NEWS

Part 2: Wasted Youth/New Killer

Maureen Boyle

Holly Wainwright was puzzled when she picked up her son's death certificate at Town Hall and saw the cause of death.

She was told months earlier that her 23-year-old son, found dead in her bathroom, overdosed on heroin. But she saw something different on the death certificate.

“I went down to the police station,” Wainwright said. “I'm shaking like a leaf. I pointed to the death certificate and asked the officer, 'Can you explain something to me? What is this word?' ”

The word was “fentanyl,” a synthetic opiate painkiller 80 times more powerful than morphine.

Her son, Michael Sharpe, became one of a growing number of people overdosing on fentanyl in the area and across the country.

An examination of death certificates in 28 cities and towns by The Enterprise found 16 people overdosed on fentanyl from Aug. 31, 2006, to Aug. 31, 2007.

That is a sharp increase from the 13 who died in the previous 2 1/2 years in those communities, highlighting a troubling and deadly trend.

Fentanyl is typically used to treat people with severe pain, and is prescribed under the name Actiq, Duragesic and Sublimaze, according to the National Institute on Drug Abuse.

But the drug is now on the street, sometimes mixed with heroin or cocaine, sometimes sold as heroin to create what police call a “hot shot” that often kills.

The fentanyl threat is now so serious that the Drug Enforcement Administration in New England set up a special response team to help police if they see a rash of overdoses believed tied to the drug.

“Recognizing it is so dangerous, we have to move quickly,” said June W. Stansbury, special agent in charge of the Drug Enforcement Administration's New England field office.

But sometimes, if there is not a cluster of deaths, police — and families — don't know fentanyl was the cause until weeks or months later, after toxicology tests are completed.

In the meantime, addicts flock to the drug.

“They believe it to be a more potent form of heroin,” said Stansbury. “What we have come to learn is when there is fentanyl out there on the street, instead of avoiding it, they tend to want it more.”

Fentanyl was first created in Belgium in the late 1950s and used by doctors as an anesthetic in the 1960s. Fentanyl prescribed by doctors also can be administered by injection, a transdermal — or skin — patch, or lozenge.

The National Institute on Drug Abuse notes some of the fentanyl tied to overdoses in the United States was produced in clandestine laboratories, then mixed with heroin or substituted for heroin.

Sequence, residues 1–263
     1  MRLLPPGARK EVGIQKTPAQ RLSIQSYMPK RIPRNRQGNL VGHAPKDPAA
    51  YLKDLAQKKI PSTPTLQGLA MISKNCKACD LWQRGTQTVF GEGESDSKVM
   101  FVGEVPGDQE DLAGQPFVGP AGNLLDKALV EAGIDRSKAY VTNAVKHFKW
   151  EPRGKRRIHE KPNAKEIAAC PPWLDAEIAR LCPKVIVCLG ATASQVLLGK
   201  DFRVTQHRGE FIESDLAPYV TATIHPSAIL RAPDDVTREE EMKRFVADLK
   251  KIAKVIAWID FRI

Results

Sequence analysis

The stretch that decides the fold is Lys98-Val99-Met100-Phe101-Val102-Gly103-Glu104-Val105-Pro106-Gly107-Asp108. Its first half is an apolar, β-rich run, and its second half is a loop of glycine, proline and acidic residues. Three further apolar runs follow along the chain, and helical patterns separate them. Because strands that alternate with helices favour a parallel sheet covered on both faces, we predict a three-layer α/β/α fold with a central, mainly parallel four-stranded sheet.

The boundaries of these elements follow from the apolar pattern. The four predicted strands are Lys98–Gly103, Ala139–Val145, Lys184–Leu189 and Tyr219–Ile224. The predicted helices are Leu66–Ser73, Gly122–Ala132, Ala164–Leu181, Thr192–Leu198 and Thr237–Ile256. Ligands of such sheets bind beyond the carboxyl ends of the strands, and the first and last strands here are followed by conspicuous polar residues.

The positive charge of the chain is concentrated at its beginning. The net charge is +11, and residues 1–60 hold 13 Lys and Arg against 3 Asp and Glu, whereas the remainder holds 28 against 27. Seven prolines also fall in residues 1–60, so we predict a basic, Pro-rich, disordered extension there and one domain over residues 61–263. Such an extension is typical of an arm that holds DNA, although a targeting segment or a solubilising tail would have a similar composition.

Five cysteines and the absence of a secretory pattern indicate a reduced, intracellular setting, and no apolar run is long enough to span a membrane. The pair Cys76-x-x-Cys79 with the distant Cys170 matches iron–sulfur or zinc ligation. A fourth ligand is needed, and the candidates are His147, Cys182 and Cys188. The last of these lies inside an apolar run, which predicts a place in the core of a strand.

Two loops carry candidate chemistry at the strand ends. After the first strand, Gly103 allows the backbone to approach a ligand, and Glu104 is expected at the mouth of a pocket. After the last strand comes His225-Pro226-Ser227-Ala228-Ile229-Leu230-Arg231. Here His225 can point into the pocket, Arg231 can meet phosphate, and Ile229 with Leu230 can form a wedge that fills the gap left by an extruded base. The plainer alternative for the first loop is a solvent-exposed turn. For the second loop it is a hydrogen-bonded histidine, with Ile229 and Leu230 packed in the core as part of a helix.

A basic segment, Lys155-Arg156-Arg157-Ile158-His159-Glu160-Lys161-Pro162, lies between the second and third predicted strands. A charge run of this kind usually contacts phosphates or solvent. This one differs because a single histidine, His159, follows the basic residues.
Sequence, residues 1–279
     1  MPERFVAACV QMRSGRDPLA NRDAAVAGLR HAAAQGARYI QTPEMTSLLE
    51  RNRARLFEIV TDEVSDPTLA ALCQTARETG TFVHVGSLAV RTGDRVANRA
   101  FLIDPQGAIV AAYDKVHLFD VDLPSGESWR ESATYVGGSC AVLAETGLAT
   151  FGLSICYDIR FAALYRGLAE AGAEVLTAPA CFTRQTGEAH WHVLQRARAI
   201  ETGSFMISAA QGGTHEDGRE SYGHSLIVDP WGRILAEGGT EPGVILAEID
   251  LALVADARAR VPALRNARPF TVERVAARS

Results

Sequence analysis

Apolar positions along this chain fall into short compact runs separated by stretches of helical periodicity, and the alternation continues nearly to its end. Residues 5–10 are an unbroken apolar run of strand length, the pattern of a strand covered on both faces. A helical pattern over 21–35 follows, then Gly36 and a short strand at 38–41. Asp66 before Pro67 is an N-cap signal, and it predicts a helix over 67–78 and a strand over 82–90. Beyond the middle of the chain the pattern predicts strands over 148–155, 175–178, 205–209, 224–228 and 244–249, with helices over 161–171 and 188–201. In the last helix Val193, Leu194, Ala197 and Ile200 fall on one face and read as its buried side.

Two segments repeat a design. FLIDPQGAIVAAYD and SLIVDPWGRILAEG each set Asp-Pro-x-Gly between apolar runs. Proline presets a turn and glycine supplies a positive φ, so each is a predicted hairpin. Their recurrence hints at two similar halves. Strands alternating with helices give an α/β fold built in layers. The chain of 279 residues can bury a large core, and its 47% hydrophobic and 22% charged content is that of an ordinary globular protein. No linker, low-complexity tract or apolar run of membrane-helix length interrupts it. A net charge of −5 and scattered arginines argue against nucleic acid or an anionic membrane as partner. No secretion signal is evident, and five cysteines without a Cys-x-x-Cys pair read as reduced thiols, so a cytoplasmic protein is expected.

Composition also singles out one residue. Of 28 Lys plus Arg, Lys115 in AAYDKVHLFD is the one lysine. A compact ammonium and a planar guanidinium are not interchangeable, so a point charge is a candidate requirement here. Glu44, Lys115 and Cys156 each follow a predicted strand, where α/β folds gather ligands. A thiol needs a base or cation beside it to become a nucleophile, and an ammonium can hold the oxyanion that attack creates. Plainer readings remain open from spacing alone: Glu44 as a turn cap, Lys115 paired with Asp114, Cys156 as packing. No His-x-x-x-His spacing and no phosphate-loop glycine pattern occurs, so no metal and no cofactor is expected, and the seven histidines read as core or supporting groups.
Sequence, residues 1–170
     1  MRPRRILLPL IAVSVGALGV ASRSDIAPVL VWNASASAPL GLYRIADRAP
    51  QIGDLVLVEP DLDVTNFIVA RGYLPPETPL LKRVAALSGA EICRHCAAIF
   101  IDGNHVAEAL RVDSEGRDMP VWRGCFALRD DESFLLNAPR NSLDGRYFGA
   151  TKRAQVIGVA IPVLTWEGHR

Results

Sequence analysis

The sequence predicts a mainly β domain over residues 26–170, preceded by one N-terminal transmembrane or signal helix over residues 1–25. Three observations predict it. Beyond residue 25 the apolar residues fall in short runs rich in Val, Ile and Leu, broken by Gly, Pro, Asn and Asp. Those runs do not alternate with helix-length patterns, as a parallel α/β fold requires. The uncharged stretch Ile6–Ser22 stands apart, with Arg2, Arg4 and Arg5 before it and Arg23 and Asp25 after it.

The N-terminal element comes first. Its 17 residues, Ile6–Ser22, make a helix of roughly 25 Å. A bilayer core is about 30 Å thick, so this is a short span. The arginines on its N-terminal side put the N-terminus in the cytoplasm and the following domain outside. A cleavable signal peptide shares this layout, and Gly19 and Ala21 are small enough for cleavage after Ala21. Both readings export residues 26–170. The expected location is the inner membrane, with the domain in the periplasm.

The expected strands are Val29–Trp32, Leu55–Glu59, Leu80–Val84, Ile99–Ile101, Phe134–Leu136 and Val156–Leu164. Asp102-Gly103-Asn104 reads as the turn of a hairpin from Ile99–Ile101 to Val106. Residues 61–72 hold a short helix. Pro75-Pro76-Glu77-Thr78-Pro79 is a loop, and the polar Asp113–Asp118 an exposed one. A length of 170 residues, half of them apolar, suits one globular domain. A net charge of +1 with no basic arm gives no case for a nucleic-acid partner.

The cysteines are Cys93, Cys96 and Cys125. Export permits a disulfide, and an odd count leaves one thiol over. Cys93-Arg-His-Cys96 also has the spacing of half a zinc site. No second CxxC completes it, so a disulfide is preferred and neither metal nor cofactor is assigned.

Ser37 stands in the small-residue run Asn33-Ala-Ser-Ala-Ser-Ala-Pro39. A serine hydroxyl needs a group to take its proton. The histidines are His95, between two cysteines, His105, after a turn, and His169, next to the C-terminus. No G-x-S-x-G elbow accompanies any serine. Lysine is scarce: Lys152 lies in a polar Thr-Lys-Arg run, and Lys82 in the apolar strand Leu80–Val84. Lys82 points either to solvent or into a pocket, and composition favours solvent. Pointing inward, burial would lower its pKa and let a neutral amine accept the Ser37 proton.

Nationally, there were 8,000 emergency room visits due to overdoses of fentanyl or fentanyl combined with another drug, in 2004.

Of the 16 fentanyl overdose deaths uncovered by The Enterprise, 10 of the victims had used fentany mixed with an opiate, such as heroin, oxycodone or methadone. Also, in six of the 16 cases, the drug had been mixed with some type of anti-depressant.

The death certificates did not detail how many of the deaths involved injection or chewing the skin patches.

The fentanyl deaths tied to heroin mixtures are often the result of minute errors by the dealers preparing the doses for street sale, experts say.

“The amount of fentanyl equivalent to the size of six grams of salt would be enough to kill,” said DEA special agent Anthony J. Pettigrew.

While fentanyl has been tied to some heroin-related deaths, there have not been any “significant” seizures of the drug by the DEA in the Northeast yet, compared with elsewhere in the country, Pettigrew said. Fentanyl time-release pain patches and lollipops for pediatric patients are also sold by dealers with tragic consequences.

Michael J. Welch Jr., 24, of Raynham died last year after, authorities believe, chewing a fentanyl patch to bypass the time-release safeguards. By chewing the patches, users are getting a potentially fatal three-doses of fentanyl in one shot. His mother, Debra Welch, said people aren't getting the message that abusing fentanyl can kill.

“It was easy for them to get it, and they were able to afford to get it,” she said. “They must have heard about how it was going to make them feel. They obviously haven't heard enough negative about the negative.”